Buy now pay later (BNPL), is one of the most talked about financial services trends in recent times. You have the option of selecting a BNPL service such as Amazon Pay or LazyPay among the many others that are now available. It’s easy. You needn’t talk to anyone or negotiate or wait for any longer than needed; within less than a minute, one can order their favourite chocolate cake on Swiggy via LazyPay, without paying from their account.
According to Rajat Deshpande, co-founder and chief executive officer, FinBox, “BNPL is a simpler product to understand and more convenient to use (than credit cards). In the case of credit cards, one has to first apply and then wait for approval, application is not at the point of transaction.”
This immediate access to credit, with no questions asked, is perhaps a big lure for users. BNPL is a form of transaction that gives you the option of delaying the payment by a few days, weeks or months without any additional cost. This is a payment solution and it gets implemented through various modes and now even products. There are exclusive BNPL cards such as Slice, Uni Pay and LazyCard that allow you the convenience of paying only a third of your outstanding spend on the card in a month. Virtual cards are also gaining some ground with flexibility and customization of payment solutions.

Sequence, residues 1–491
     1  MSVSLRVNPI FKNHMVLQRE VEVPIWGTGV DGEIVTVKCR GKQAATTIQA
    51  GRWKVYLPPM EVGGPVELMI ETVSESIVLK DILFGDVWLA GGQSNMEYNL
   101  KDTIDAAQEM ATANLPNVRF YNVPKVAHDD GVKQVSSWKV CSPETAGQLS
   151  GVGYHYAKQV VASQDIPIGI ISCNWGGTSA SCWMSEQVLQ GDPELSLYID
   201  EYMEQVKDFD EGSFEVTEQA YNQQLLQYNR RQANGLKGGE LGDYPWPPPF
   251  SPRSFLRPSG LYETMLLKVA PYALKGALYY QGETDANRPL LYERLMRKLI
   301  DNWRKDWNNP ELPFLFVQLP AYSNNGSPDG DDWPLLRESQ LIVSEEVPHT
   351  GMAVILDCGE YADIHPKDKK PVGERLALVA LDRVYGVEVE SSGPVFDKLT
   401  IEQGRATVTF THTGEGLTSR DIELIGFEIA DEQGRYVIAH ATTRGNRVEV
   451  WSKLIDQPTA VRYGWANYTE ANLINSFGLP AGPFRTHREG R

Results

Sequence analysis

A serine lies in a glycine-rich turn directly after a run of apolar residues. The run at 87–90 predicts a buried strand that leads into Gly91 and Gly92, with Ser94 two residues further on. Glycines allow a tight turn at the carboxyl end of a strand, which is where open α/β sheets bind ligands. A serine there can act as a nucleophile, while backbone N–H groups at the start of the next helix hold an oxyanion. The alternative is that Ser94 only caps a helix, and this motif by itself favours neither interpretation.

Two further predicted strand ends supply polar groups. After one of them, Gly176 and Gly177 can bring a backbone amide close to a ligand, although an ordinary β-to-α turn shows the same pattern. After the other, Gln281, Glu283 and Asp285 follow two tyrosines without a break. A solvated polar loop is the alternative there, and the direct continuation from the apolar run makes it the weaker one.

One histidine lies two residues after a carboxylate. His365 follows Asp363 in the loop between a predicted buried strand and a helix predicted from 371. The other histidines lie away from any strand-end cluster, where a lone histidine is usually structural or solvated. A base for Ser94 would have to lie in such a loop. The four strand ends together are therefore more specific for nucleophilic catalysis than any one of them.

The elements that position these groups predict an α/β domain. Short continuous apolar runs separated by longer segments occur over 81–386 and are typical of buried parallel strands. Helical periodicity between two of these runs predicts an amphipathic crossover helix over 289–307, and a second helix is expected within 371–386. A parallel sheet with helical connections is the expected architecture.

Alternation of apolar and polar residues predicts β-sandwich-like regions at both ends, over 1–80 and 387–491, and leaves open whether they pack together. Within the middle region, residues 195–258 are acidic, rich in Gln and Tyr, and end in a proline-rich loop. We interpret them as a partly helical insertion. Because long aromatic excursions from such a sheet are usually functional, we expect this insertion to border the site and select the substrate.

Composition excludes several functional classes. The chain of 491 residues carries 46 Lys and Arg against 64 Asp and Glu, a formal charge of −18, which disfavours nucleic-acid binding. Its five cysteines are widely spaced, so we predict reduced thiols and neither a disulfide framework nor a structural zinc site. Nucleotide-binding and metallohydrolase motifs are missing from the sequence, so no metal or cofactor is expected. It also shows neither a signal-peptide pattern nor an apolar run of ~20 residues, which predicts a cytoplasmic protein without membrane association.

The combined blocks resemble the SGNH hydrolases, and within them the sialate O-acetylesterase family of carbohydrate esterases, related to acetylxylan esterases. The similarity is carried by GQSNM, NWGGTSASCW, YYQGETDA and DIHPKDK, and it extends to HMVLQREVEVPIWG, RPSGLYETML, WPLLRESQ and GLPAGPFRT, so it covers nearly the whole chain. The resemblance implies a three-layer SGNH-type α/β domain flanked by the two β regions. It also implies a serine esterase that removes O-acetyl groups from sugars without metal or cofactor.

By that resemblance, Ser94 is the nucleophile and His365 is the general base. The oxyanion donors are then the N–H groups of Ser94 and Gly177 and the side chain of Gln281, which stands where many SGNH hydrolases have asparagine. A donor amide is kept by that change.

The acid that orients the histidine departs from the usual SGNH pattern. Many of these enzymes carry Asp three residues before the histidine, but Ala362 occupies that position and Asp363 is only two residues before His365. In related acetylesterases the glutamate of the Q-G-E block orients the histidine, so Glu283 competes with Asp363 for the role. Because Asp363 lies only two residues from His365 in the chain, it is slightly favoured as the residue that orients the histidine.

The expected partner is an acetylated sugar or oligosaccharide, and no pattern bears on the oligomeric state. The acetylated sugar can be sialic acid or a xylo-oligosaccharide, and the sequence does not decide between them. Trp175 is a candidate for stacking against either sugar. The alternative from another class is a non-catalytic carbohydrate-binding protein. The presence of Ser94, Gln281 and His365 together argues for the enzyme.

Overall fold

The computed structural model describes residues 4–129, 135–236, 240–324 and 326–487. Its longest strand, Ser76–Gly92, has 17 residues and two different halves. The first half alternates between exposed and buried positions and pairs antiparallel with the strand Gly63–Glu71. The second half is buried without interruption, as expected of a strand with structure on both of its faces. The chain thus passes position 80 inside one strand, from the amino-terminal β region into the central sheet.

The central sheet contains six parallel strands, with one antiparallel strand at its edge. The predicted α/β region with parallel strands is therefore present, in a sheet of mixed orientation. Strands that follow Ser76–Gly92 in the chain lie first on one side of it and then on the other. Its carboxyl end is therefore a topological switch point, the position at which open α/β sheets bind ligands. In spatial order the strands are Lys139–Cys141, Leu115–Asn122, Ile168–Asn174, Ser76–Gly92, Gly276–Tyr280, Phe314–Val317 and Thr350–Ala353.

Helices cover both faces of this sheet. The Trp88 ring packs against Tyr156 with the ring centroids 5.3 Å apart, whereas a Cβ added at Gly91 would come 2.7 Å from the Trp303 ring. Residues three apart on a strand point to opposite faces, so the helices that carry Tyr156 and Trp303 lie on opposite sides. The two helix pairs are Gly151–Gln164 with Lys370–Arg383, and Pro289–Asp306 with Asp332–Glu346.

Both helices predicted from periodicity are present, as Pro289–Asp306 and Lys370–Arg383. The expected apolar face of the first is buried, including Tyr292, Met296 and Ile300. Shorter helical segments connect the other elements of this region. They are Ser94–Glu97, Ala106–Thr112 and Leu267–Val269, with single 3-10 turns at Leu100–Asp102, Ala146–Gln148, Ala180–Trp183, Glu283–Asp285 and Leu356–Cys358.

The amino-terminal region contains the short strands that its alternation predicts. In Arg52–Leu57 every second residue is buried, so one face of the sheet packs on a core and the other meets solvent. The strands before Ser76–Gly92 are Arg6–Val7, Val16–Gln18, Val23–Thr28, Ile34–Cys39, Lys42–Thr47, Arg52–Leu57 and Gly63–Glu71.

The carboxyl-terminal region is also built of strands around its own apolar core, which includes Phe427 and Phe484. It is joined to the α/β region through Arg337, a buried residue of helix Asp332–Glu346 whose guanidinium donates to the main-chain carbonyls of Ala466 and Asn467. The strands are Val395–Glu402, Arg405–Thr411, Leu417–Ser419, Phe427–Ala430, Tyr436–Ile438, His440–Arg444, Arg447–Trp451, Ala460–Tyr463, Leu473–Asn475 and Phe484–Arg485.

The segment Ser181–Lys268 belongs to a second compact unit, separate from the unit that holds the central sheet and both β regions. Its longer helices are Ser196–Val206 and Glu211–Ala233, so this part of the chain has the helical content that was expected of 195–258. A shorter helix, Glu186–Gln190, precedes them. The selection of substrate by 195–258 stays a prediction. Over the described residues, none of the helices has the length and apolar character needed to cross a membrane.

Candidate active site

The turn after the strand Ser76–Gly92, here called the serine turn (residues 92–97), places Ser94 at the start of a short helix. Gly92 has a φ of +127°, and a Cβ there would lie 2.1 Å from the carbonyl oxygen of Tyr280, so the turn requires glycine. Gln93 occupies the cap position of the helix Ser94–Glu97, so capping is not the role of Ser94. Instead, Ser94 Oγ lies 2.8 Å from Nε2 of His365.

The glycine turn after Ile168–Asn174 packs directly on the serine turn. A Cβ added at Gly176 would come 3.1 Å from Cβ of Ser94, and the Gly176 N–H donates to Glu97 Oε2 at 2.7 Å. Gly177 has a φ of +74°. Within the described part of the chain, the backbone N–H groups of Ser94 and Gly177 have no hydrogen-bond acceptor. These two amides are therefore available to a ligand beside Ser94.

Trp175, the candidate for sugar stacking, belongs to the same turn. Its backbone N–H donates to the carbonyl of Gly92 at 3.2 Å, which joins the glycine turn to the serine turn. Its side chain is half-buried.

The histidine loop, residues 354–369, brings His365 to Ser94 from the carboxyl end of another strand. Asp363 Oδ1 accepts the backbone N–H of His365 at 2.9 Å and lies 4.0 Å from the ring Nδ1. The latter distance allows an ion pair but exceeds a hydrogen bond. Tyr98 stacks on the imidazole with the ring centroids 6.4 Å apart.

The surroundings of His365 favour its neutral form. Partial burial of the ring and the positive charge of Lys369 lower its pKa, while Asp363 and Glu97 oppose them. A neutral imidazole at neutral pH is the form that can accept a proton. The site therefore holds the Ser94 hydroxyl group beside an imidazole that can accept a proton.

The objective is clear though: convenience and stretching monthly liquidity. The ticket sizes on these transactions may be low, but for someone who is trying to manage monthly cashflow and liquidity, the convenience is irrefutable. Unlike credit cards, there are no annual fees and the credit limit can be as high as Rs 10 lakh without a formal credit score.
According to Amit Das, co-founder and chief executive officer at Think360.ai, “The nature of the business has moved from being just a non-banking finance company to becoming a technology enabled solution, this automatically means boundless scale of application. Estimates of 35-40 million customer market size is being talked about currently.”
Access to customers in tier 3 and tier 4 towns is also an opportunity that adds scale for the technology enabled BNPL industry, Das adds. Industry experts estimate that around 60 percent of the current users are credit card customers, thus, underlying the choice of convenience.